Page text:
Sublethal exposure study of lead (Pb) on black clams to provide early warning information on marine pollution
A research team in India has concluded that black clams (Villorita cyprinoides) can provide potential early warning information on marine pollution that can help environmental scientists to monitor and manage the overall fitness of the marine environment. In this integrated study involving observation of critical bio-lethal parameters coupled with a bioassay of the black clams, sensitive information could be obtained by the scientists. Results of the study revealed that information on sublethal exposure of metal lead (Pb) and its toxic effects on the black clam is an important precursor to assess pollution in a marine environment. The study also helped them to make a reliable risk assessment of other aquatic lives for enforcing stringent water quality management practices. The study showed that there was significantly higher pollution of heavy metals in the northern parts of the estuarine system water sample of the southwest coast of India during pre-monsoon, followed by monsoon and post-monsoon, except for lead and nickel. The research revealed that the alterations in antioxidant enzyme activities in black clams may lead to biochemical senescence. The utility of the study of cellular, physiological, biochemical, and histopathological biomarker responses was established in the study that can be used to monitor aqueous contamination of heavy metal.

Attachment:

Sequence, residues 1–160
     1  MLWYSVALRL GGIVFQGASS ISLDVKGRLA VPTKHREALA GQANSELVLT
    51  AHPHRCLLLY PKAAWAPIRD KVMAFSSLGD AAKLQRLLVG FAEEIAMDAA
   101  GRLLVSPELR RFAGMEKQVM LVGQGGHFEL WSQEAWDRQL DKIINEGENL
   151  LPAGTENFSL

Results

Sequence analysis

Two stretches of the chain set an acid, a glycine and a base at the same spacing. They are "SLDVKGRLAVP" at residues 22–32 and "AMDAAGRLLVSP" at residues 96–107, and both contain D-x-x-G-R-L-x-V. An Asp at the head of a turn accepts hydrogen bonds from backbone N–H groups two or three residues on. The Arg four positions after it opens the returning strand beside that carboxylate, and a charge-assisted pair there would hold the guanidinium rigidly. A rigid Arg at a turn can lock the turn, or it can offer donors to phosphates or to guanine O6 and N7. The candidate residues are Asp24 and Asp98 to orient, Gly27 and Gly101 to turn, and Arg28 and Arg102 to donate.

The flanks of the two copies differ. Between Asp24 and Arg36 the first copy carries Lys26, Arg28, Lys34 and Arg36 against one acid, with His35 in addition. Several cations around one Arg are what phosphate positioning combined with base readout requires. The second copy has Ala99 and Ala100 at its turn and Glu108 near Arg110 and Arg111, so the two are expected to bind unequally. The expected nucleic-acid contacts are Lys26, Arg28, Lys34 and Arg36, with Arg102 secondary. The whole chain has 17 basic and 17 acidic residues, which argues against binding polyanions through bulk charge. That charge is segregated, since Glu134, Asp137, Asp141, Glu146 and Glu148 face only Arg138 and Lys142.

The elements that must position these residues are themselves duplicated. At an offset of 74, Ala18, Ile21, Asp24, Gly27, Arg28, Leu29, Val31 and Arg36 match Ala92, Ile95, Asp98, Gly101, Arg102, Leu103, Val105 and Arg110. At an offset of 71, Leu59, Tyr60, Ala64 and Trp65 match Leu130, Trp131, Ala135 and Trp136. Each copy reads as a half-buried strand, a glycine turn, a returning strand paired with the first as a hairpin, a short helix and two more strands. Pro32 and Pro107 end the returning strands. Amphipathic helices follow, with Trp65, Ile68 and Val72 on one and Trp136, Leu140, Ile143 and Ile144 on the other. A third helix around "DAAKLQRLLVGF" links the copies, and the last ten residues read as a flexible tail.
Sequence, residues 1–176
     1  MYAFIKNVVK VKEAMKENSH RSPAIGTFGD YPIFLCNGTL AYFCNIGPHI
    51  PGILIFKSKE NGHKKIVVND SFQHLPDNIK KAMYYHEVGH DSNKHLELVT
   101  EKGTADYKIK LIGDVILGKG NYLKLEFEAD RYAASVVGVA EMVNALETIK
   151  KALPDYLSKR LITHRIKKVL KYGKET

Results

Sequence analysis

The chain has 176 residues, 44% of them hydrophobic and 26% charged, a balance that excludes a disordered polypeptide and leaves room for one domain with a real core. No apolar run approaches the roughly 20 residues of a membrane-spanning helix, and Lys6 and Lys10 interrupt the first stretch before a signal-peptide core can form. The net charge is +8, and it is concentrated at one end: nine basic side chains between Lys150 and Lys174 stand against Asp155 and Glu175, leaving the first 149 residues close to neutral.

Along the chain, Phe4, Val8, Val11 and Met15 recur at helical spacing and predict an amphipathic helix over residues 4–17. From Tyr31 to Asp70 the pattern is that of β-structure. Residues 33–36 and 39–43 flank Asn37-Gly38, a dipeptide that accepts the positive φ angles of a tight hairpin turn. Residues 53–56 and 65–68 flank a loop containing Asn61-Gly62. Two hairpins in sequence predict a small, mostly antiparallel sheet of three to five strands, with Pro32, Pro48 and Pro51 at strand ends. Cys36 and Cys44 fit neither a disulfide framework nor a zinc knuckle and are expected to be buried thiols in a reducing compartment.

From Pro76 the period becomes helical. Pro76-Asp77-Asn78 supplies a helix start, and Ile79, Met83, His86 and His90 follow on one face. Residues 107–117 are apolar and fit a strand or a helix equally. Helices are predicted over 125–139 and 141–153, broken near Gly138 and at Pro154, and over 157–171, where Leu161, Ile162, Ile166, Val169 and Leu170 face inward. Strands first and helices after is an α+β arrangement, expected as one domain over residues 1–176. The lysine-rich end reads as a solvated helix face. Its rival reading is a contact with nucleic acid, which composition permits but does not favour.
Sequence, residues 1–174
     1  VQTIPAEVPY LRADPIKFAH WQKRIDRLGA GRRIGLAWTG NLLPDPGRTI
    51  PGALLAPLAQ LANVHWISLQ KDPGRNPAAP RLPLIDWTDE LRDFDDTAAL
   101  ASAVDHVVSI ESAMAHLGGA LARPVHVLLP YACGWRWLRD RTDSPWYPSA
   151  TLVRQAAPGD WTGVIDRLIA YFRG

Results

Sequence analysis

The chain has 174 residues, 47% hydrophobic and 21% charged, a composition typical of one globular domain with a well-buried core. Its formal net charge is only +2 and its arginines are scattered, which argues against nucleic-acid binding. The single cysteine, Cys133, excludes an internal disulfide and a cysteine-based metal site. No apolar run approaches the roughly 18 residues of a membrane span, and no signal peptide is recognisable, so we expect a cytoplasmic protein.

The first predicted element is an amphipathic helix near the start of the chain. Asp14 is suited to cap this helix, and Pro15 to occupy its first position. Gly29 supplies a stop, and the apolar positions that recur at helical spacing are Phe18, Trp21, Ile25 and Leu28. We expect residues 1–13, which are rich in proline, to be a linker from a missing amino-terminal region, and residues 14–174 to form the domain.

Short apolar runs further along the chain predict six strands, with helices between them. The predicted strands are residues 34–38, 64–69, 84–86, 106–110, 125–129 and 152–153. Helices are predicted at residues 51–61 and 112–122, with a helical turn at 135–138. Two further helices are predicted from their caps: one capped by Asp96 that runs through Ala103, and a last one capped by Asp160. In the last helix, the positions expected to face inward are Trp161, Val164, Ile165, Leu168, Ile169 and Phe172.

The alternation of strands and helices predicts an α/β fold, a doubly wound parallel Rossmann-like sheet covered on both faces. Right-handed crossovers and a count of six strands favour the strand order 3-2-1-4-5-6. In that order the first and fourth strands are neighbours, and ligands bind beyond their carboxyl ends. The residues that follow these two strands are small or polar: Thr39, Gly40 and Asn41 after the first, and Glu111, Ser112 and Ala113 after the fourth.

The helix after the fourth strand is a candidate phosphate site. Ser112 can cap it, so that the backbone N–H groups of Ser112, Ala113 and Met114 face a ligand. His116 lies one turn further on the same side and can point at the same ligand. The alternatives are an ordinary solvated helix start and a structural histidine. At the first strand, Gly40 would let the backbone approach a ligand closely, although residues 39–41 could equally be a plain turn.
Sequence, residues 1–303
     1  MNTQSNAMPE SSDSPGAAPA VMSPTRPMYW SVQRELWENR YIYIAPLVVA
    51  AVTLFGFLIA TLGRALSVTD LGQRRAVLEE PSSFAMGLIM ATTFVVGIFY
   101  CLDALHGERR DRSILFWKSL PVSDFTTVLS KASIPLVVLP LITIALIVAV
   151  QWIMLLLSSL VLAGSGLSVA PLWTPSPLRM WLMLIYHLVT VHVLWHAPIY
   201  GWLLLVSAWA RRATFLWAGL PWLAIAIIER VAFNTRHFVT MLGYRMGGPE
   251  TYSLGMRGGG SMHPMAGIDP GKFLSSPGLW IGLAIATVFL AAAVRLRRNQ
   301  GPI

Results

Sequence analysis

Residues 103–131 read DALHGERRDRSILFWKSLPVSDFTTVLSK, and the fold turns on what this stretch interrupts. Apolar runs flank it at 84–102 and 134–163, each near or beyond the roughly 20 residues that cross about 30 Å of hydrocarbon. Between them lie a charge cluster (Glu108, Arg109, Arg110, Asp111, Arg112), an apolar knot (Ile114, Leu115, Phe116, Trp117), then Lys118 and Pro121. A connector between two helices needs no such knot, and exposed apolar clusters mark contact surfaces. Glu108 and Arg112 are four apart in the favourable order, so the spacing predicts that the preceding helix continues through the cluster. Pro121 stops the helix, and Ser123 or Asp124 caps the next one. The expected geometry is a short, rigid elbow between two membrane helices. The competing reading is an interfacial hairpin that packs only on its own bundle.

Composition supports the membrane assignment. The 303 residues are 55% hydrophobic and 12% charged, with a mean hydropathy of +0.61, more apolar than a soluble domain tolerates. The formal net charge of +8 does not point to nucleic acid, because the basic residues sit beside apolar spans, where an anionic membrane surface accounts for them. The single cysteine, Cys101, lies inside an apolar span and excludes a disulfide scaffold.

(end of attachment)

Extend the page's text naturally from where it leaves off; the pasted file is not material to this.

The study found a significant increase in the concentration of leads (Pb) in the bodies of clams after chronic exposure. Even a small concentration of lead in the estuary can lead to many-fold increase in its concentration in black clams which may damage the genetic materials, proteins and lipid and lead to health risks to other marine organisms including humans consuming them. As per researchers, metal concentration was found to be higher in the sediment during pre-monsoon and post-monsoon periods, except for lead and nickel in the estuary which might be due to the weaker flushing leading to the entrapment of metals in the sediment. Over a longer period, they can therefore help prevent the spread of harmful metal sediments into waterways used by local communities. A reduced discharge from the Periyar River was observed during the study, which may also lead to the increasing concentration of metals during pre-monsoon in the sediment. The researchers of this study found a direct correlation between the degree of industrialization and contamination of the Cochin Estuarine System (CES) of India's southwest coast by heavy metals leading to metabolic stress in black clams.
Source: India Science Wire